If Im going to be spending more time at home watching movies, I guess its time I finally invest in a truly magnificent home theater. Via.
  • If I'm going to be spending more time at home watching movies, I guess it's time I finally invest in a truly magnificent home theater. Via.

Today in movie studios' half-witted attempts to make themselves obsolete: They're moving forward as quickly as they can to cut theaters out of movie-going equation. The New York Times has a solid rundown of the fallout from an FCC ruling that allows studios to stream copy-protected movies directly to your TV. For now, the plan is to have movies available on-demand shortly after they premiere in theaters, but I'm guessing that token delay won't last long. The CliffsNotes version:

Right now, theaters get an exclusive period—120 days, on average—to serve up new movies. Then the releases appear on television video-on-demand services at a price of about $4.99. Armed with the new copy-blocking technology, studios want to offer new movies on video-on-demand services about 45 days after they arrive in theaters, for a premium price of $24.99.

On one hand, it's easy to see where studios are coming from: They see a revenue source that isn't being tapped, so—just like all of us when we see something we want that isn't being tapped—they want to go after that shit.

On the other hand, it's like my urologist always tells me: Just 'cause someone something can be tapped doesn't necessarily mean you should tap it.

Granted, I don't know shit about business—but I can't be the only one who sees this as being pretty short-sighted, right? The power major studios wield at this point is twofold: Their ability to finance expensive films, and their ability to distribute them to every multiplex in the world. But most major studios have already started to split and share production costs of big pictures with smaller investors. And if studios are intent on reducing theaters' roles in their distribution plans, that takes away even more of their sway. If you're a filmmaker, and assuming you're not making something that's ungodly expensive—like, say, Transformers 3 or something—what's the point of going through a big studio if, ultimately, they're just going to offer you the same VOD distribution that smaller studios like IFC already focus on?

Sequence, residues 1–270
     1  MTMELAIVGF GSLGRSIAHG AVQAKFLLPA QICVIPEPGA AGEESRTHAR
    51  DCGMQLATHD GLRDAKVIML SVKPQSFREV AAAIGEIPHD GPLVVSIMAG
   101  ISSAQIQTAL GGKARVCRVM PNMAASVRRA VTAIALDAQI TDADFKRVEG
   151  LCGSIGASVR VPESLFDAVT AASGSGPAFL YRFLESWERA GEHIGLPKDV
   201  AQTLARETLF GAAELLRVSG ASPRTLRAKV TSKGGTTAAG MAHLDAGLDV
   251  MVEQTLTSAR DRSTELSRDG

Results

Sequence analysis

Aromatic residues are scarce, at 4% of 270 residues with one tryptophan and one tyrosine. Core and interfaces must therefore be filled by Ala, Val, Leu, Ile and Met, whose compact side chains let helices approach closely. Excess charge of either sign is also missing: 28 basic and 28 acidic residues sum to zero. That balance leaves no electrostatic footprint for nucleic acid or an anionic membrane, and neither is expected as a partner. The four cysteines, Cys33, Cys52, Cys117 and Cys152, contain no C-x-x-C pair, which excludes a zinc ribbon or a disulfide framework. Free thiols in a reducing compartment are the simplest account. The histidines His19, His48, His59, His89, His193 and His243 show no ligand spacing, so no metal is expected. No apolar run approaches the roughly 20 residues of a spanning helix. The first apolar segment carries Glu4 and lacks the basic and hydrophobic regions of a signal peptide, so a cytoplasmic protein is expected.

So studios might lose some of their importance in the long-term from this, but so it goes: Go ahead, fuckers, dig your own graves! Castrate your distribution model, release "copy-protected" VOD stuff that'll no doubt be pirated all over the place, and stop shoving stuff like this at me in the meantime.

But movie theaters, I suspect, are the ones really getting the shaft here. Don't get me wrong: No matter how accessible films get, and no matter how slick our 1080p TVs are, people still like to leave the house and do stuff, and going to movies—even stupid ones about stupid owls—is a fun, easy way for us to leave our filthy homes and briefly forget about how crappy our lives are. I think theaters will always be around, even as actually going to them becomes more and more of a novelty. That said, the rise of VOD will no doubt affect the revenues of both first- and second-run theaters, probably in a pretty major way. I won't be sad to see obnoxious, expensive places like Regal Cinemas take that hit, but it does bum me out that theaters like the Laurelhurst, the Roseway, the Academy, and more will likely see less money coming in because people can get these films earlier and easier at home.